Assistant Professor of History Dr. Mark Benbow walks the talk he teaches. Like many members of the Marymount faculty, he has professional experience in his field of academic expertise, public history. His students generated a lot of buzz this past academic year as they designed, created and installed exhibits through partnerships with area history museums.
In honor of Marymounts 65th anniversary, Dr. Benbows Introduction to Public History students presented exhibit proposals to a jury panel for the Arlington Historical Museum, where the professor serves as director of an all-volunteer staff. The winning exhibit, developed by Apasrin Suvanasai, Emma Enkhsaikhan, Dalia Faris and Amy Lawton, focused on the schools founders, the Religious of the Sacred Heart of Mary. The Founding Sisters showcased photos and artifacts documenting how integral Marymount has been to Arlington. The team combed archives and interviewed retired sisters. One team member was an interior design student, and Dr. Benbow feels the mash-up of cross-disciplines (design knowledge with history) was a distinct advantage. Other exhibit proposals focused on the Universitys Main House, once home to the White House physician to William McKinley and Theodore Roosevelt, and the landmark Blue Gooses rebirth as a mixed-use complex.
Telling a story well one people will remember is a rewarding effort and can keep history students working in their field beyond teaching, according to Dr. Benbow. He considers Marymounts minor in Public History a smart companion for other disciplines because it trains professionals to research, weigh, organize and communicate their insights in a convincing and accessible way.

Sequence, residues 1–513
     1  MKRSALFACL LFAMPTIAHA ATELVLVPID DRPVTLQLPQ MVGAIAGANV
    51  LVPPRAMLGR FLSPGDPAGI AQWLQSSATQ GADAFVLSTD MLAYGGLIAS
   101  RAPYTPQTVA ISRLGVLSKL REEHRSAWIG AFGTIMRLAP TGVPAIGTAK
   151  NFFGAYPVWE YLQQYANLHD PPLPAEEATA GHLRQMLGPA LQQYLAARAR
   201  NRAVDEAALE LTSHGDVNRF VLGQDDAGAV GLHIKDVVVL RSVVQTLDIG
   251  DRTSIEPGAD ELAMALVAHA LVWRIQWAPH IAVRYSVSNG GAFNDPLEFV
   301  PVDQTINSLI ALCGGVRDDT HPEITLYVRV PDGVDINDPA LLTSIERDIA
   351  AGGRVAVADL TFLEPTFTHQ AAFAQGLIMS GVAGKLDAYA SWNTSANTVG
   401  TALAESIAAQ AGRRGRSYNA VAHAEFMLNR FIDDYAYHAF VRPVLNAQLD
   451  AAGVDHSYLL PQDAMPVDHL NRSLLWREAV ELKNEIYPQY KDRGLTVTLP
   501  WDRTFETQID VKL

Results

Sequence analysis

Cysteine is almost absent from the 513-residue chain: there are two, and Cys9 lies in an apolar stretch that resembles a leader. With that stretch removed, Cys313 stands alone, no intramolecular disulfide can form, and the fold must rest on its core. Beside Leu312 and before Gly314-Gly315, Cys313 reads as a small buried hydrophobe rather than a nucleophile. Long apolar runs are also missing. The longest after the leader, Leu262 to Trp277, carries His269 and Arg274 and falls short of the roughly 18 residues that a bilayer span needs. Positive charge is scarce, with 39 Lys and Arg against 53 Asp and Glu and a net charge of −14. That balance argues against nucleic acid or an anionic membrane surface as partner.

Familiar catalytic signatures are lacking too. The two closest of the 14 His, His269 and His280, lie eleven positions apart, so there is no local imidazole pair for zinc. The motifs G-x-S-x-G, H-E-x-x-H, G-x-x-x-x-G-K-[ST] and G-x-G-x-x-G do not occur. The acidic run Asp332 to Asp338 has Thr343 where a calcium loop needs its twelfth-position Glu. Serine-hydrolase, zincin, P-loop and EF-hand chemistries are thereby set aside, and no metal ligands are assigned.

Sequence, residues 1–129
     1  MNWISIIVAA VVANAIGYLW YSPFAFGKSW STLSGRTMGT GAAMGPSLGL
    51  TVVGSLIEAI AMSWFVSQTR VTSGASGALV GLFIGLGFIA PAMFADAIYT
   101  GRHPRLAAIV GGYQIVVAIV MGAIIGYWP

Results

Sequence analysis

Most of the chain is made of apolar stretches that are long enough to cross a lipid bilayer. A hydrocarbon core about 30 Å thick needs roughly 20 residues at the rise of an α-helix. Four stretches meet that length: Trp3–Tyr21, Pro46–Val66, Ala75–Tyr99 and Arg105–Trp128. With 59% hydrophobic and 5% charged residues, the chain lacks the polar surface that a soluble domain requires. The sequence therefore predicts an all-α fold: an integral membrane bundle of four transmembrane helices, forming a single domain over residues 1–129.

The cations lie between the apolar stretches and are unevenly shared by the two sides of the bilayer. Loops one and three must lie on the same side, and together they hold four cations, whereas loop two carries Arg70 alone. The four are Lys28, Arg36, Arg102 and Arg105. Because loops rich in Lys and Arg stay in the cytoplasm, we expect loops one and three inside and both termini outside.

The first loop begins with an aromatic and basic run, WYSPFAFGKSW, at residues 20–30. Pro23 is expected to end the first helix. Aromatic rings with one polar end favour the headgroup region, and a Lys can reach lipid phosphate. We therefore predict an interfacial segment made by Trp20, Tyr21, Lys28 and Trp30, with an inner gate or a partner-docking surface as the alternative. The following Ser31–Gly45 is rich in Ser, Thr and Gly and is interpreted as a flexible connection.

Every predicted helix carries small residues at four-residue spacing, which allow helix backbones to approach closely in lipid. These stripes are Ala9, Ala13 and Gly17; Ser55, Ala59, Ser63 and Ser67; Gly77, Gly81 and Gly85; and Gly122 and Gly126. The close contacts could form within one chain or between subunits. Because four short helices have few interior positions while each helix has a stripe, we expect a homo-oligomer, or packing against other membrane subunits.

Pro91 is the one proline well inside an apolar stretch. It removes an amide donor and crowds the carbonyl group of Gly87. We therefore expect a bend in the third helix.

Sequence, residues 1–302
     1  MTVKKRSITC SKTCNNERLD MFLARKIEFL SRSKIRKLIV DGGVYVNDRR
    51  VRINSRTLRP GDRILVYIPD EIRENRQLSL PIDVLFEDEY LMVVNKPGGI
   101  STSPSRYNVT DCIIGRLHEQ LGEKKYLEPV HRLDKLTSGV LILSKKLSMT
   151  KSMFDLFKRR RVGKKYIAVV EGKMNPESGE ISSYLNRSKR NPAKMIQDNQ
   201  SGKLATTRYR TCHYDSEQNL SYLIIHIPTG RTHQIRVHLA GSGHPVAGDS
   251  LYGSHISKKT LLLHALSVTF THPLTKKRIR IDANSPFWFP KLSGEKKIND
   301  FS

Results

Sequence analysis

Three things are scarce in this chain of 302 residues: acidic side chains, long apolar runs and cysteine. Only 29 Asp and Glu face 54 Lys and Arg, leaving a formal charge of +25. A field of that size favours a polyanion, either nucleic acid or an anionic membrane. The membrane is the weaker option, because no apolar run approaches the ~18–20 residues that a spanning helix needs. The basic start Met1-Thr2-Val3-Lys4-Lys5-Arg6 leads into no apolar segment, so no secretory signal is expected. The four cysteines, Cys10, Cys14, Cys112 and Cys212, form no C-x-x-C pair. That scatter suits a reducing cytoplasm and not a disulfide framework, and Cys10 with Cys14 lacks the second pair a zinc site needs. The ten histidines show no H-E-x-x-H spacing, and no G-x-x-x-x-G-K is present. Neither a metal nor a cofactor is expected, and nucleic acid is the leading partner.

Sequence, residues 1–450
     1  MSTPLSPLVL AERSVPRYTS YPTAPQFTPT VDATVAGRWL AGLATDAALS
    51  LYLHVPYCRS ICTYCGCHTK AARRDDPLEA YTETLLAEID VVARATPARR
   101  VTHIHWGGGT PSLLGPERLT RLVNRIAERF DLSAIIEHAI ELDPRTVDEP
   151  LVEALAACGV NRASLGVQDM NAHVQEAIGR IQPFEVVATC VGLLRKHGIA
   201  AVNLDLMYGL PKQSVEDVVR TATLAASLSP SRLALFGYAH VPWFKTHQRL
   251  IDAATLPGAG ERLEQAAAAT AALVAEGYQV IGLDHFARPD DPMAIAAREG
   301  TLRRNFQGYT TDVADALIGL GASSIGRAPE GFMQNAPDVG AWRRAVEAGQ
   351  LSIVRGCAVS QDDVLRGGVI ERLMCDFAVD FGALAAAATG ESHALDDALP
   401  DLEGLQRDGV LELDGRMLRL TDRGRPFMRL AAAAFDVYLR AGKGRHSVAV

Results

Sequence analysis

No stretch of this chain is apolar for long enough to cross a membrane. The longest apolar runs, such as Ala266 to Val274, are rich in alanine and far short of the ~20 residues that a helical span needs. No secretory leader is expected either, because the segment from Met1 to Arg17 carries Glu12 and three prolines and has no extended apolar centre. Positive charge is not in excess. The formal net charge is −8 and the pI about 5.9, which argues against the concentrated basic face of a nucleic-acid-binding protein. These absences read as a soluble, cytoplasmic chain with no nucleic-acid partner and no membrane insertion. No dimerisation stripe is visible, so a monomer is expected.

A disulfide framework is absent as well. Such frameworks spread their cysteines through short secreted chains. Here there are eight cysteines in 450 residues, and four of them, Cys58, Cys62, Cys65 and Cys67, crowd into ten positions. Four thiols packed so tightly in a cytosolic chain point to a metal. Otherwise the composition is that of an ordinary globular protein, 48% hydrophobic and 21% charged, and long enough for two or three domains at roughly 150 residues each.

Before joining Marymount, Dr. Benbow was historian at the Woodrow Wilson House Museum in D.C. Opportunities keep emerging for professional historians in areas outside academia. Cities and states, corporations, professional organizations and non-profits all hire professional historians to acquire, man- age records, preserve and teach through public outreach. Architectural firms and historic districts hire archivists and historians for building and restoration projects. Park rangers are historians and curators. These professionals are trained in finding, examining, understanding context and interpreting sources.
Dr. Benbow recently guided history major Chesney Rhoades to condense 150 years of childrens literature and vast independent research into a navigable and engaging exhibit for the Manassas Museum in Virginia. Partisans Among Playmates: American Childhood and the Civil War brings to life wartime experiences of Northern and Southern children with artifacts, photos, letters and books, and also surveys juvenile literature impacted by the war. Chesney spoke at a Meet the Curator event during the 150th anniversary in August. Working with Dr. Benbow allowed me to dig deeply into the mechanics of creating an exhibit and working in public spaces and to make my research more accessible to more people, Learn more about Chesneys work here.
From left, Marymount University student Apasrin Suvanasai, Dr. Mark Benbow and students Emma Enkhsaikhan stand in front of the exhibit, The Founding Sisters at the Arlington Historical Societys museum.